Extremism must not be allowed to take hold again in the region
As Ankara leads way on battle against ISIS, there is a danger of self-implosion in Syria
As the US announced its plan to withdraw 2,000 troops from Syria, US-backed troops were fighting ISIS militants trying to recapture Hajin in the east of the country – just further proof, if any were needed, that Donald Trump’s premature exit comes while the extremists still pose a serious threat.
Indeed, as the Kurdish-led Syrian Democratic Forces said, the withdrawal could lead to a resurgence of ISIS and give “terrorism the momentum to recover and conduct a terrorist campaign in the region”.
It is into this volatile breach that Turkish President Recep Tayyip Erdogan has stepped, declaring he will lead the fight against the remaining ISIS fighters in Syria. As a member of the 79-nation Global Coalition, Turkey does indeed carry some responsibility for countering and dismantling ISIS’s ambitions.
But it has not always proven itself capable of rising to the task. Its laissez-faire attitude to monitoring border cities enabled thousands of fighters to cross with ease into Syria before a clampdown in 2015 – too little, too late.
But it is the Kurds whose fate really hangs in the balance, not the extremists who united nations in a co-opted battle against hatred and a poisonous ideology.
Until now, it has only been a US presence that prevented Turkey from an all-out assault on Kurdish-led opposition groups. Ankara has long sought to weaken their positions and now has carte blanche to target factions it blames for leading a separatist movement.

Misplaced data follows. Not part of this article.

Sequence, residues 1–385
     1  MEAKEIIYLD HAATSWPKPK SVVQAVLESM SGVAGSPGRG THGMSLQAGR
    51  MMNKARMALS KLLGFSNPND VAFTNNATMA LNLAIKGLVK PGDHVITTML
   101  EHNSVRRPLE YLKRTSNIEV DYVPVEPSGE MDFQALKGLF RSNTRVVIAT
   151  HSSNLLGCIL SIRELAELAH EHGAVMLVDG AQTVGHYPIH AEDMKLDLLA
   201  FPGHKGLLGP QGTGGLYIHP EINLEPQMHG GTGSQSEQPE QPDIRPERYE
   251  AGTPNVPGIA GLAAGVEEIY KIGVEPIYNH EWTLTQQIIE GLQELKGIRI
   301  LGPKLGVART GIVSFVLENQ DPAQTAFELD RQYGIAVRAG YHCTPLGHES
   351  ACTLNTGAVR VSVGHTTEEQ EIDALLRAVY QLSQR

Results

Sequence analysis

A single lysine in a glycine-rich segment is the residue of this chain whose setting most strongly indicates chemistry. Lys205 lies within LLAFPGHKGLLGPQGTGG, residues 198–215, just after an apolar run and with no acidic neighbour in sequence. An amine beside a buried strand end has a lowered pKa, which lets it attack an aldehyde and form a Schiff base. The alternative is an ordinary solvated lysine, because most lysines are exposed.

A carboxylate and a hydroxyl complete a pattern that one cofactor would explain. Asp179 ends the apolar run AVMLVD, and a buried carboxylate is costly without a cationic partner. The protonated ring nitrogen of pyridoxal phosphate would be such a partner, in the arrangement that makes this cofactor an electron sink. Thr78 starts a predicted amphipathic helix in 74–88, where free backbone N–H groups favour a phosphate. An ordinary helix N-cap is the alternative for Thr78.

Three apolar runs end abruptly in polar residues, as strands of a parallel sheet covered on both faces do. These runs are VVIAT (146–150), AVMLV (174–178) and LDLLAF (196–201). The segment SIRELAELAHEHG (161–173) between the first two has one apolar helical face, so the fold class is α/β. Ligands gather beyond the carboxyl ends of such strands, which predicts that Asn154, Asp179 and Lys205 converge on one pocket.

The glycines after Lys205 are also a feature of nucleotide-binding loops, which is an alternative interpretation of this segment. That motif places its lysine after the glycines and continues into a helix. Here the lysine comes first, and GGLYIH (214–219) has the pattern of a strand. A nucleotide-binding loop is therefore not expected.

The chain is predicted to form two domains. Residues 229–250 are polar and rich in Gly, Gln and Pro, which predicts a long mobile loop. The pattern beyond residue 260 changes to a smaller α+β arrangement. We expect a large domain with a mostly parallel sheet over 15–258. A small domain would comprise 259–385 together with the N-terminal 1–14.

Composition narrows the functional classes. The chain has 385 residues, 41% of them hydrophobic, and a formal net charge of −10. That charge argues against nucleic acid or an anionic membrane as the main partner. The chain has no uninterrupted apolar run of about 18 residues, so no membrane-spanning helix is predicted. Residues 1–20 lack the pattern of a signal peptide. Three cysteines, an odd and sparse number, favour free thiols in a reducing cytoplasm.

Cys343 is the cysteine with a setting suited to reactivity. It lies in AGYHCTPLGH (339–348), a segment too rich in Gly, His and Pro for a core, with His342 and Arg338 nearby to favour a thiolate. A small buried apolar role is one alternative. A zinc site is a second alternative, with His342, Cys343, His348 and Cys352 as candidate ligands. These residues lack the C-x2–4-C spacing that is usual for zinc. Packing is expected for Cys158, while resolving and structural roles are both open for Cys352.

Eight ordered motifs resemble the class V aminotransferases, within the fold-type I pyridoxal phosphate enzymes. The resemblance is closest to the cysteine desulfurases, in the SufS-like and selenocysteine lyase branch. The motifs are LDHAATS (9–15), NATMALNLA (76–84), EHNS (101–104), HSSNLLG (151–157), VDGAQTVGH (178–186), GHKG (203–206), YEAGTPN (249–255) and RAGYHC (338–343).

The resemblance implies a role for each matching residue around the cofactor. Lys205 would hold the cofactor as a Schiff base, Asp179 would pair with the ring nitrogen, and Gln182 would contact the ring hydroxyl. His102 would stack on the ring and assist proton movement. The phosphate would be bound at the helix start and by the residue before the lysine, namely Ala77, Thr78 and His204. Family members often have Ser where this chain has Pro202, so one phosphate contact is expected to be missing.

That almost certainly puts the YPG directly in the firing line, as well as its sister arm the PYD, affiliated to the militant PKK in Turkey, which Ankara considers a terrorist organisation threatening its sovereignty.
Rather than a battle of one coalition unifying behind the common goal of tackling extremism, there is a danger of implosion within Syria as different actors seek to serve their own purposes.
While the Syrian Kurds will see the US withdrawal as the ultimate betrayal, there is a danger of the conflict rumbling on for years with no resolution.
Much of Syria is back under the control of Bashar Al Assad but nearly one third remains volatile.
ISIS leader Abu Bakr Al Baghdadi is still at large in the territory he once declared his caliphate.
Iraqi Prime Minister Adil Abdul Mahdi has yet to appoint a security minister or complete his cabinet, which leaves his country vulnerable to the rogue elements which once tore it apart.
In a phone call to Mr Mahdi, US Secretary of State Mike Pompeo emphasised the importance of protecting Iraq from “interference in its affairs”.
These are all potential timebombs threatening to jeopardise regional security. The international community must not let their own interests eclipse the goal of fighting the ideology which allowed ISIS to flourish.
Nor can the departure of American troops be used by Mr Erdogan as licence to exercise his maximalist policy and weaponise an ideological battle to target his rivals.
It is far from clear how Syria’s final borderland battles might end. The key will be not to lose sight of the threat extremists continue to pose, even when they no longer hold territory.
Updated: December 23, 2018 08:51 PM